Although I’ve also watched the television series, that was five years ago, and my memory necessitates more time to relive the show than the movie. So we’re going to narrow our focus a bit. Friday Night Lights, it’s time to go toe to toe: book versus movie.
Source: Mary Steffens
Source: Rotten Tomatoes
I very distinctly remember a Friday night when I was 11 years old like it was yesterday. The cross-town rival was playing my sister’s high school’s football team on a rainy, dreary, and cold night in late fall. I went to the game with my dad and brother, and we along with my sister had been talking up this game all week. This was the year Herculaneum High School was going to beat the Festus Tigers under those Friday night lights.
Due to the nasty weather, the game was delayed. My father, trying to be a responsible parent, said we should leave after waiting for what felt like hours for it to begin. Dressed in ponchos yet still drenched, we reached the parking lot when we heard buzzers and beeps announcing that play would begin. The three of us looked at each other, smiled, and said, “Let’s do it!” We ran back to the bleachers to watch the Blackcats pounce the Tigers. I didn’t go to either school but could still feel the excitement wash over me as the rain poured down and the ‘cats clenched the W.
The year was 2003, and I was obsessed with Blackcat football and all of the “hot” players on the team that year. I seriously wrote their names on my notebook as if someday I would have a chance with one of them. (Trust me, I too laugh at this now.) But these types of memories are the ones that build up football programs with an urgency, power, and nostalgia that other sports and other aspects of small-time life just cannot compete with. And this was with small schools in the Midwest. Can you imagine the fervor if it belonged in a West Texas community? You don’t have to because H.G. Bissinger gives us exactly that in one of the best sports books ever written: Friday Night Lights.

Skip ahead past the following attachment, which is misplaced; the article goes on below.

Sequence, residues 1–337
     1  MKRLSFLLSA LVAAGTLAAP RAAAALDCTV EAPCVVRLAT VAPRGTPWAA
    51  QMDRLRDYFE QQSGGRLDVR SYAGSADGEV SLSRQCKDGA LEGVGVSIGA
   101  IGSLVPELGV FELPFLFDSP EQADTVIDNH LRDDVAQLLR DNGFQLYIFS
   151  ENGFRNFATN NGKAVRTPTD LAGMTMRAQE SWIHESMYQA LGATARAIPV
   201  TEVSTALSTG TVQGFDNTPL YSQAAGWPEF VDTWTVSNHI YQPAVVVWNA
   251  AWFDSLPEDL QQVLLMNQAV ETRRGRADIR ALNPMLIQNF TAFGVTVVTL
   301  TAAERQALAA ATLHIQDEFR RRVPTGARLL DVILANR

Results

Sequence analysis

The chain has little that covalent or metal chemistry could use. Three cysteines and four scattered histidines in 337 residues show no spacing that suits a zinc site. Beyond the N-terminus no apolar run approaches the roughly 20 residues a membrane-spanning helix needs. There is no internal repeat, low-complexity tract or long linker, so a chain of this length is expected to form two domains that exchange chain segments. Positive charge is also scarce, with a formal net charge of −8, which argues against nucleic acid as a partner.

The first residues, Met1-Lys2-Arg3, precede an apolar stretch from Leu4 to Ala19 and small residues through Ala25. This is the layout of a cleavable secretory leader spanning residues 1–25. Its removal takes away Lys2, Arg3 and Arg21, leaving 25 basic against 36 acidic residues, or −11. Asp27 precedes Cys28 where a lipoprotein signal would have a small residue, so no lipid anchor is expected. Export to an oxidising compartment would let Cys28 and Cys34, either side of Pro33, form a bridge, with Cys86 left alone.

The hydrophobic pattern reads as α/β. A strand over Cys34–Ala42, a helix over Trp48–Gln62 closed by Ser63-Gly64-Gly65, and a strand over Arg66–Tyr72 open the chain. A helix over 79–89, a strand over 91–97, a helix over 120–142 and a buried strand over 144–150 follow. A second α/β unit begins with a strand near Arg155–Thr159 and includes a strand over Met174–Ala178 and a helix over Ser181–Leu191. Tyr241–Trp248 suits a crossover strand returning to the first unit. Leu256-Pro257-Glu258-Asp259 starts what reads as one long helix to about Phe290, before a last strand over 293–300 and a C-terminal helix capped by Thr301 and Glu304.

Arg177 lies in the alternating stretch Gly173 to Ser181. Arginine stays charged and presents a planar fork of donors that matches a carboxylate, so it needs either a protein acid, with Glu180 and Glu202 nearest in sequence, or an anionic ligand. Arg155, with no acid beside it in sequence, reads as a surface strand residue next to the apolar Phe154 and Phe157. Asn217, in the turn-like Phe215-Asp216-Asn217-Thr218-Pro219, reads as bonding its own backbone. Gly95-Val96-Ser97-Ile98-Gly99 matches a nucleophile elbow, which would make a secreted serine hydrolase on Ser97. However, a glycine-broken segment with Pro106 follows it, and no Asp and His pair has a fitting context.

Resolutions definitely guided my reading choices in 2019. Even if I didn’t fully succeed, I was at least conscious of them while picking out some of the books I read. I’d like to keep on this resolution road because it’s changed my mind about memoirs, forced me to think about diversity when choosing authors, and influenced me to dabble in other genres. (I’d also be remiss if I didn’t give resolution-making the credit for five straight years of flossing every day.)
This year, though, rather than thinking about the types of books I want to read, I’m focusing my resolutions on my baby, Big Little Literature. My greatest joy is sharing my thoughts and feelings about books with you all, so for 2020, I want to think of new ways (and revisit some old ones) on how to grow our community and improve the BLL experience. Check out my 2020 resolutions below.
Let’s look at my specs for the year. In 2019, I:
- Read 10,904 pages across 31 books — thanks, Goodreads!
- Averaged 351 pages per book.
- Explored 10 different genres with contemporary fiction winning most popular.
- Only read one author more than once — Kristin Hannah.
- Read five two-flame books (more than the number of the previous year-and-a-half) and six three-flame books.
- But I also had the joy of experiencing 11 books with four flames, and nine garnered a whole five flames. I’d call that a success!
But how did I do with the resolutions I set for myself in January? Let’s see how I scored (and check out the books I said I’d read at the beginning of the year in the picture below and compare them to my fully ranked list of 2019).